What follows is a montage of just that, Stevonnie surviving. They fight monsters, they build shelter, and they hunt for food. However, their hesitance to kill a cute animal for protien leads its mother to chase them through the jungle planet. Stevonnie finds shelter from the alien monster in the form of a mysterious, but familiar Gem tower. They end up setting up camp in the tower for the night, and boy do things get weird.

Stevonnie has a dream about Connie’s mother, but it’s not really her. It’s actually Yellow Diamond, well more of an amalgam of the two. The whole sequence is strange, and my running theory is that Steven’s dream abilities combined with Connie’s normal human dreams – which are most likely stress-driven and centered around her overbearing mother – to make for a nightmarish foray into a memory that haunts the tower.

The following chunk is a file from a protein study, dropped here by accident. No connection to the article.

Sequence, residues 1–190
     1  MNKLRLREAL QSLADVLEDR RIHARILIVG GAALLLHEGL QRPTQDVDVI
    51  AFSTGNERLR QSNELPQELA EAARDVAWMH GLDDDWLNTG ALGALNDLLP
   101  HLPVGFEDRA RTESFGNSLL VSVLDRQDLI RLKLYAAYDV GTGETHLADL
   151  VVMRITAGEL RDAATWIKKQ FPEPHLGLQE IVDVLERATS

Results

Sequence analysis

Out of all this strangeness, we get something very interesting, our first look at Pink Diamond, as well as a peak into her mind. With how Yellow Diamond is depicted as Connie’s mom, and how Stevonnie stands in for Pink diamond in this memory-dream thing, there’s an implication that the two shared a mother/daughter relationship, Yellow Diamond was an experienced planet conquerer and Pink was a bratty, but eager student.

Whatever the relationship the two shared, we know one thing from this memory, Yellow Diamond was strict with Pink, and she acted out because of it. I don’t want to jump any fan-theory guns here, but my first thoughts went back to “The Trial,” where it’s implied that Yellow Diamond had something to do with Pink’s shattering, and I can only wonder if their tense relationship is another piece of the puzzle.